IT’S time for our must-read Sunday blog. Every Sunday we welcome coarse fishing all-rounder Colin Mitchell.

For many years Colin was a senior Angler’s Mail magazine staff man and he has enjoyed a long, interesting journalism career. He understands match fishing, pleasure fishing, carp fishing – the lot.

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DIFFERENT baits become more effective during the season.

At this time of the year it’s usually pellets and paste that start to score exceptionally well. Add another to the list of baits you should carry in your box for the next few weeks at least – meat!

For the past fortnight meat has outscored every bait I and my fishing partner have used on a multitude of fisheries. It’s caught when the tried and usually trusted baits have failed and it’s also regularly out-fished other offerings. We’ve used all sorts from normal luncheon meat through Spam to a really wicked variety with added garlic.

I know many anglers, particularly those after barbel, have their own favourite brands and flavours of meat. I look for meat with a bit of fat – not too much, as we wouldn’t eat really fatty meant. But that fat does give off attraction! Also look for one that has a stringy-type texture. I’d tell you to get Spam but to be honest there never appears to be consistency in any of these products. It’s down to what you find is good and a lot of the time that means supermarket own brands (which have the added bonus of being a cheap bait). You can hair-rig bits of meat; cut it into cubes or tear off irregular shapes. All work at various times.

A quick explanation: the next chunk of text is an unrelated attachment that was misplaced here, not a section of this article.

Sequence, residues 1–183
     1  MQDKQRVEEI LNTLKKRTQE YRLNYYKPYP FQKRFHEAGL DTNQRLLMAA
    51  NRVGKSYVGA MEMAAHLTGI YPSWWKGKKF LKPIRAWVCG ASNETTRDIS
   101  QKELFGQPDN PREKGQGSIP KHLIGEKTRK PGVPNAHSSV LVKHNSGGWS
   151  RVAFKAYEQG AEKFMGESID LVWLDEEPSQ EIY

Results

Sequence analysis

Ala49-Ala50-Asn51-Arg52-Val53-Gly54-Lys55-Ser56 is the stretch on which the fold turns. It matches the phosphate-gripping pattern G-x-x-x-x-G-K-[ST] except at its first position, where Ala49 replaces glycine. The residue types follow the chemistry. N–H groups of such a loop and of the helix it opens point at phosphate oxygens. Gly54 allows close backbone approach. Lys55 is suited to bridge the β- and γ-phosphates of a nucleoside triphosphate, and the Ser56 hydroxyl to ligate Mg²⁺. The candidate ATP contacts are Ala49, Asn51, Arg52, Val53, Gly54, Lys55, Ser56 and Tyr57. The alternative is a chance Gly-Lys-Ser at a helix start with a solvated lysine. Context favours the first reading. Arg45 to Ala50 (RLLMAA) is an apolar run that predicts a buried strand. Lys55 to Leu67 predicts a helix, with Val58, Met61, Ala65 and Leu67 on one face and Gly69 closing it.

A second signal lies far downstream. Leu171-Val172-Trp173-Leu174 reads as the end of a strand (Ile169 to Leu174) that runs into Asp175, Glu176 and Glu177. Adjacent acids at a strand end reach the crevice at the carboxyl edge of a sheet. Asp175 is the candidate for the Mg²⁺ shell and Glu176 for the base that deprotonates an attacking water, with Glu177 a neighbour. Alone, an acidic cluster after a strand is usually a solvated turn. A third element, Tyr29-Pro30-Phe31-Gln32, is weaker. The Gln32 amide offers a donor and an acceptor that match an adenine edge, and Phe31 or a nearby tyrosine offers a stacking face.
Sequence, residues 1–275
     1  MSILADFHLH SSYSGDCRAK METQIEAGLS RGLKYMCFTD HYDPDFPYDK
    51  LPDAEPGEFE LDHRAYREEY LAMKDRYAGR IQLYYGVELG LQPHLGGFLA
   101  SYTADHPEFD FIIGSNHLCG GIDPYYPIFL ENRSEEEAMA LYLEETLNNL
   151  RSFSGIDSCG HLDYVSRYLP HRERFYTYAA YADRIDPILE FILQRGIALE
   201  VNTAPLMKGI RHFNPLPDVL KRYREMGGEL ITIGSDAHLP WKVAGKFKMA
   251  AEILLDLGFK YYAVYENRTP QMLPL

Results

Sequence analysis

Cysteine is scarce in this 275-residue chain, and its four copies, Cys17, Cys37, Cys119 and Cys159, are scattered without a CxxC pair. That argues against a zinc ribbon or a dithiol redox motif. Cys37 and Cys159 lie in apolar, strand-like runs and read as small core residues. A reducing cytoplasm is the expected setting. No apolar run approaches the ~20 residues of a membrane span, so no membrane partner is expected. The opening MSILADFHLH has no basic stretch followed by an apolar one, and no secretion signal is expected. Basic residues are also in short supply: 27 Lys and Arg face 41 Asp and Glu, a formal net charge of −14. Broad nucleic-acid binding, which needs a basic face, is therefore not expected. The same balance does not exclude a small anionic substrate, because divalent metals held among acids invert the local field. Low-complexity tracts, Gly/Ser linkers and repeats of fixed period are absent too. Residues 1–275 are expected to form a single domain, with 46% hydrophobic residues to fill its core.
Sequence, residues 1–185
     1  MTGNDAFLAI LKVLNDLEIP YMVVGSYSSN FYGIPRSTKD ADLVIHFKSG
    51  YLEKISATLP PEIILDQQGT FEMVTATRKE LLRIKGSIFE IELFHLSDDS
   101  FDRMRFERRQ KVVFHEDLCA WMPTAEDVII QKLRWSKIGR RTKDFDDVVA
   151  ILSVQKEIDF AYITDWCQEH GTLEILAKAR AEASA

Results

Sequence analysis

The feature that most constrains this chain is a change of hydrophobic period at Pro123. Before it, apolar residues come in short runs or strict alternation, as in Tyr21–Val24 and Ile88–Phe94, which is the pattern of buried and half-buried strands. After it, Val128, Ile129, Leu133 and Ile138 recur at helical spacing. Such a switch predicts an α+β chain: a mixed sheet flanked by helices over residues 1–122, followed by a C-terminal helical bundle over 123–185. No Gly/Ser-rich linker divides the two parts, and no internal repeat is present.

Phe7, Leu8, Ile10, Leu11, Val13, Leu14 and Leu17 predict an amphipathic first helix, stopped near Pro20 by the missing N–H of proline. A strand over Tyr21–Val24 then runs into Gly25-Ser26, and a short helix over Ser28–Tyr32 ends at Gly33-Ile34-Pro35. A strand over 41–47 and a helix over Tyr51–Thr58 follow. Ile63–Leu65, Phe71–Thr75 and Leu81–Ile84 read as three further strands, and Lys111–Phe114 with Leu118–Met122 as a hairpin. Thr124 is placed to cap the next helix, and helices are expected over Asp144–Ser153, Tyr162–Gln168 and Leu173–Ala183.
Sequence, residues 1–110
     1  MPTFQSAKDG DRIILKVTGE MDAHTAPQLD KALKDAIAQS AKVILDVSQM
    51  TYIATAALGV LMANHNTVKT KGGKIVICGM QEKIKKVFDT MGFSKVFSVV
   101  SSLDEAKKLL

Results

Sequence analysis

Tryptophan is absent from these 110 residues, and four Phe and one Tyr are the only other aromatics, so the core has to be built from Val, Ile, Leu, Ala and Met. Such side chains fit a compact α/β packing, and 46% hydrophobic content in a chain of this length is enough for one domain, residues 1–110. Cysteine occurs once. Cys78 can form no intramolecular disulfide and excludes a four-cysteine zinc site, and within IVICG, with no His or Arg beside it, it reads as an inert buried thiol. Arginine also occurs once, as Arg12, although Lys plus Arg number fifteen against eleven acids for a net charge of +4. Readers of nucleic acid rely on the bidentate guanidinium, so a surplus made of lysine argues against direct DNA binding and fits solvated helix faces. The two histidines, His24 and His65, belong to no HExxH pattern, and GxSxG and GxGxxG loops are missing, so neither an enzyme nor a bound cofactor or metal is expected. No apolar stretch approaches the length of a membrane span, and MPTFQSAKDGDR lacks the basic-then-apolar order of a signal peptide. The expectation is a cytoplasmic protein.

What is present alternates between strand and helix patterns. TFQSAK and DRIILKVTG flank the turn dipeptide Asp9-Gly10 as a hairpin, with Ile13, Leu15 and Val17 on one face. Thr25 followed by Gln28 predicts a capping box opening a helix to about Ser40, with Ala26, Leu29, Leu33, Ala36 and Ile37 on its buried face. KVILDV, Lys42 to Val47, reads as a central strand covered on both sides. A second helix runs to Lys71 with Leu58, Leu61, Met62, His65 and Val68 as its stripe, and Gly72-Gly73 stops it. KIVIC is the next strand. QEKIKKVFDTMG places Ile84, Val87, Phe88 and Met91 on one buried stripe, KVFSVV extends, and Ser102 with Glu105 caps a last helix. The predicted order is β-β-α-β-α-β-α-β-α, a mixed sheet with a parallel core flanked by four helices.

But recently I have found that punched meat works a treat. You can use a cheap purpose-made punch (mine are made by Middy and are cheap, effective, offers me three punch sizes and is smart into the bargain). You can punch out a short piece of cylindrical-shaped meat or a longer section… dissect to the length you need. I reckon that by punching out bits the size of various pellets you have a better chance of catching.

Fish know what a pellet looks like so they get interested. The ‘new’ texture and flavour gives you an edge – until everyone else gets on the method! The bonus with these ‘pellets’ is that you can actually hook them. If you leave them exposed to the air for a short time they develop a skin that further aids casting. This is quicker than using a hair; less fiddly and just as effective providing you match your hook to the size of the bait.

Don’t make the mistake of trying to use a very small hook. A 14 is about right for most of these ‘pellet’ shapes. You can bury most of the hook but leave enough exposed to aid hooking. Feed pellets or groundbait as you would normally, maybe with a few bits of mashed up meat just to get the fish interested. Bonus time again – that makes your ‘pellet’ of meat the only one in the swim and gives it a little bit more stand-out power.

Another tip: if you keep getting little dips and shudders on your float as small fish either try to take or do take your bait, go up a punch size. It’s amazing how a slight increase in size of the ‘pellet’ causes a sudden cessation of bites from the small fish you are trying to avoid. No surprise that carp love meat, but we’ve also caught crucians, bream, lots or roach and even perch!

Get on the meat treat – try not to eat too much of it though!



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